Cyberattack biggest threat against U.S. financial system

When asked during congressional testimony last week, Federal Reserve Chairman Jerome Powell, who was appearing in front of the House Committee on Financial Services, told lawmakers that the number one threat to the stability of the U.S. financial system is its ability to respond and mitigate a large-scale cyberattack against the financial system.

“The clear answer to me would be cyber risk,” Powell said in response to a question from Rep. Jim Himes, D-Conn. Himes asked Powell what unnoticed threats may be lurking. Powell added that the current state of the threat is about normal, but that Congress should double down on possible remedies.

Powell also said that banks should update their protections and improve their security hygiene. The risks to the financial system have gained renewed interest recently, along with the rising concerns of nation-state hacking and similar capabilities against the critical infrastructure.

Last month, Christine Lagarde managing director of the International Monetary Fund wrote about estimating cyber risk for the financial sector in an IMF blog post. Based on a recent IMF study, Lagarde estimated potential annual losses from cyberattacks against the financial sector could reach about 9 percent of banks’ net income globally, or $100 billion. “In a severe scenario — in which the frequency of cyber-attacks would be twice as high as in the past with greater contagion — losses could be 2½-3½ times as high as this, or $270 billion to $350 billion,” she wrote.

According to her post, the modeling framework uses techniques from actuarial science and operational risk measurement to estimate aggregate losses from cyber-attacks. “This requires an assessment of the frequency of cyber-attacks on financial institutions and an idea of the distribution of losses from such events. Numerical simulations can then be used to estimate the distribution of aggregate cyber-attack losses,” Lagarde wrote.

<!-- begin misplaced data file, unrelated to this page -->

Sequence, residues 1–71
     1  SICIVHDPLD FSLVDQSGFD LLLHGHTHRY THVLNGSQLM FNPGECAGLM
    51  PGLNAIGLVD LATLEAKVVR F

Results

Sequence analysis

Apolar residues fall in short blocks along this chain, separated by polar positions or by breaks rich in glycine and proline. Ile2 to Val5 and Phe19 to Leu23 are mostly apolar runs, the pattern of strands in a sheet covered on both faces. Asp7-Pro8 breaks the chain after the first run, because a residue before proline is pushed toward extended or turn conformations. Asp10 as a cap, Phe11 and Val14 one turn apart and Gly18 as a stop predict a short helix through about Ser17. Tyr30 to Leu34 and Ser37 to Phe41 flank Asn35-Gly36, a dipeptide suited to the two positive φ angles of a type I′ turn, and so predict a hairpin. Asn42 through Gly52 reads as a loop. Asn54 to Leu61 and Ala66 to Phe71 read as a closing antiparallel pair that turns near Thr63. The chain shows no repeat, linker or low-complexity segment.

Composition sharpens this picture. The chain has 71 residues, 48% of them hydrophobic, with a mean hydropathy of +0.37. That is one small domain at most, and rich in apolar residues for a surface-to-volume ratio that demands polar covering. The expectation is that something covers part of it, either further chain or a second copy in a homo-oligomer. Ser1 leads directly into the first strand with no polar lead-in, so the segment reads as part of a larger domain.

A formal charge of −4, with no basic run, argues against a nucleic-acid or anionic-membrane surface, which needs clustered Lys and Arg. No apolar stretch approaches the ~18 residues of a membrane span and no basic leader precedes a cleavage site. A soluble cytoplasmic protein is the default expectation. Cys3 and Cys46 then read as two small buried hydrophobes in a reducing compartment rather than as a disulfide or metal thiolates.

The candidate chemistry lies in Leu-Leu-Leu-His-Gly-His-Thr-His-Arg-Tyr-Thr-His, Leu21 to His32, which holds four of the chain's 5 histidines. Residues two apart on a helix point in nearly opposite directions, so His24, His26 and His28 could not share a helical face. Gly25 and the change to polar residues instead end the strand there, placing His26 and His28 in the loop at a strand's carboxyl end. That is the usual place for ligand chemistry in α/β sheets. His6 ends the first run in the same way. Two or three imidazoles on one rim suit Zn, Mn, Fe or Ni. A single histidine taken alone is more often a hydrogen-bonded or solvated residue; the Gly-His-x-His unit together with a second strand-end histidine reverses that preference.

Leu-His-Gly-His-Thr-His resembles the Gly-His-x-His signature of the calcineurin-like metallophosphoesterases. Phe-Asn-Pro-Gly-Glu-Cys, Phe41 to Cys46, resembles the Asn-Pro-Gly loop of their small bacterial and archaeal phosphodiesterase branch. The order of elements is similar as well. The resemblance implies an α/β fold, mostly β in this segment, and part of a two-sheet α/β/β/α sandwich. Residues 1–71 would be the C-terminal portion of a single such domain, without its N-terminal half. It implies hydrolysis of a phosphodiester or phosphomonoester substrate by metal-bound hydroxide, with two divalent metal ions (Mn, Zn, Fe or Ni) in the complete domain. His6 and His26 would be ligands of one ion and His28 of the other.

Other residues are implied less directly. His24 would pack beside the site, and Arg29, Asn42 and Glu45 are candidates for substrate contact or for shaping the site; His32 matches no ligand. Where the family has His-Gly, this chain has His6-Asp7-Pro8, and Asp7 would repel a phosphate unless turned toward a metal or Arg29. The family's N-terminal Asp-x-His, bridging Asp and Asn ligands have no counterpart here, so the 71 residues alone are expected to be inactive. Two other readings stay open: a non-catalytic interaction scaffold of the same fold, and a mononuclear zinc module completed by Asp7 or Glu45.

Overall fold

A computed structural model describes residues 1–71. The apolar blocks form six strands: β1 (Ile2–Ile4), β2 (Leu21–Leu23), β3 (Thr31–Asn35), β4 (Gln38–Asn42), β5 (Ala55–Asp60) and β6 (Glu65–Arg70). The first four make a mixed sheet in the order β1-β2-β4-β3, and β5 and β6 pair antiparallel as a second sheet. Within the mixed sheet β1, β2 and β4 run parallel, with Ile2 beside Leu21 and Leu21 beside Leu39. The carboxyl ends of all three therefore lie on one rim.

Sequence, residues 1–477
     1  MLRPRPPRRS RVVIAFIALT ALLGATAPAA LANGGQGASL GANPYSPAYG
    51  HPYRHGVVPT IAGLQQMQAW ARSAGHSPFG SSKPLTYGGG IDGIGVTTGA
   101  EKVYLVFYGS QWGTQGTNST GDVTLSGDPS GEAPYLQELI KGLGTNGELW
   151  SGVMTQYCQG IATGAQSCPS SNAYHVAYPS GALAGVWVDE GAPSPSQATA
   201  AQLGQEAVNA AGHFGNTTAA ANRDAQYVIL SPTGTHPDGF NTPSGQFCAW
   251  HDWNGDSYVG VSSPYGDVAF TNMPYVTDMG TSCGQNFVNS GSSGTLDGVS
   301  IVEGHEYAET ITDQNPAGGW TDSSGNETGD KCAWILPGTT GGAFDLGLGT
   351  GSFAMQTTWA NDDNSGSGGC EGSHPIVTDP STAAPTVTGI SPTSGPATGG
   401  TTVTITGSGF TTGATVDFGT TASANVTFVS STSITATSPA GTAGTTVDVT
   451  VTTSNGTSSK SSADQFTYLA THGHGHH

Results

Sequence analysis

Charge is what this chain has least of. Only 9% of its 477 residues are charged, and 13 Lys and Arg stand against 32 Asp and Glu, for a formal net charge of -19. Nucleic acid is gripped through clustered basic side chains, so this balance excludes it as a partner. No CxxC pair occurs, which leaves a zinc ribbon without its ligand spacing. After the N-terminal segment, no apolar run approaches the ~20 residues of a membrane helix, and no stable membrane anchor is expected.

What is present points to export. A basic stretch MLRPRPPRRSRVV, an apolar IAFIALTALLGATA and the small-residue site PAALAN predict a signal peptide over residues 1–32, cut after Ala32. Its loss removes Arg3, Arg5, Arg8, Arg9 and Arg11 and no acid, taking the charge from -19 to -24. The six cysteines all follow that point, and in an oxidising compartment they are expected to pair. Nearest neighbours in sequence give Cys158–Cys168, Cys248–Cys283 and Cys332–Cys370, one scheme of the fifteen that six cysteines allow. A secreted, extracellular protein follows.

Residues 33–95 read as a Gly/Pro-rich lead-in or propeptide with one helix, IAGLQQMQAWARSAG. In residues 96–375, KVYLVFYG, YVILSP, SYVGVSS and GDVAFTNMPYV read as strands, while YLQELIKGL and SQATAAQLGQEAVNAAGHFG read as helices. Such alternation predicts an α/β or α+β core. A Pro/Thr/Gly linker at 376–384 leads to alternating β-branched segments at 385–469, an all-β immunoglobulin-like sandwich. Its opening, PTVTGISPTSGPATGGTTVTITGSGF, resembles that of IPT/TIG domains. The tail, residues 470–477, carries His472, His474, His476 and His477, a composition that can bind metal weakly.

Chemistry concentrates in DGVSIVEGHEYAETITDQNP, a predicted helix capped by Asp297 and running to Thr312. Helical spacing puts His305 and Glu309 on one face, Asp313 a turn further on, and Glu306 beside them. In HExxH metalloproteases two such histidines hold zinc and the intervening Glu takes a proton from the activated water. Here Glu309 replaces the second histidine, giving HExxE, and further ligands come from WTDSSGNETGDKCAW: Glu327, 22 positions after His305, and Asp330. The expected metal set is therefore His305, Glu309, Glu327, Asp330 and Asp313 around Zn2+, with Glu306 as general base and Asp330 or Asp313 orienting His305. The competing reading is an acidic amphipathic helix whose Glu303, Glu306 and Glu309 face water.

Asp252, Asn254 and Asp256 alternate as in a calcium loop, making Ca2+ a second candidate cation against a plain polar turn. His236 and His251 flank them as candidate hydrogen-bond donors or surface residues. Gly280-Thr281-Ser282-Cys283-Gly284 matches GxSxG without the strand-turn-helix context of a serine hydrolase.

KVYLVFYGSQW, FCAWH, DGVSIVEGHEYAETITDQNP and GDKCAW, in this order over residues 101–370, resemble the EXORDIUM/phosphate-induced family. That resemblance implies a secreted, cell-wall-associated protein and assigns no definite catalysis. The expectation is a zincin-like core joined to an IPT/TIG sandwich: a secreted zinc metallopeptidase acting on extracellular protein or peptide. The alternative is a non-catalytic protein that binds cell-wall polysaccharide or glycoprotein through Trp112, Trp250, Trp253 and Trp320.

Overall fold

The losses are based on real-world recent losses from cyberattacks in 50 countries. “The framework could be used to examine extreme risk scenarios involving massive attacks,” she wrote. “The distribution of the data we have collected suggests that in such scenarios, representing the worst 5 percent of cases, average potential losses could reach as high as half of banks’ net income, putting the financial sector at risk.”

While there have yet to be any real-world losses stemming from wide-scale cyberattacks on the financial sector, more observers in industry and government are growing concerned.

In a survey conducted by the Depository Trust and Clearing Corporation and published as the DTCC Systemic Risk Barometer More, than a third (36 percent) of survey respondents view cyber risk as the number one threat to the broader economy in 2018, with 78 percent of respondents ranking it as a top 5 risk — a 7 percent increase from the previous survey.

“Cyber risk continues to intensify across all sectors of the financial ecosystem, and it’s becoming increasingly clear that no area is immune to this threat,” Michael Leibrock, DTCC’s Chief Systemic Risk Officer, said in a news release. “As a result, it is critical that firms prepare response plans, maintain playbooks and practice cyber-attack simulations as key components of their risk management efforts,” he added.

On those points, I don’t think many would disagree.

*** This is a Security Bloggers Network syndicated blog from Cybersecurity Matters – DXC Blogs authored by Cybersecurity Matters. Read the original post at: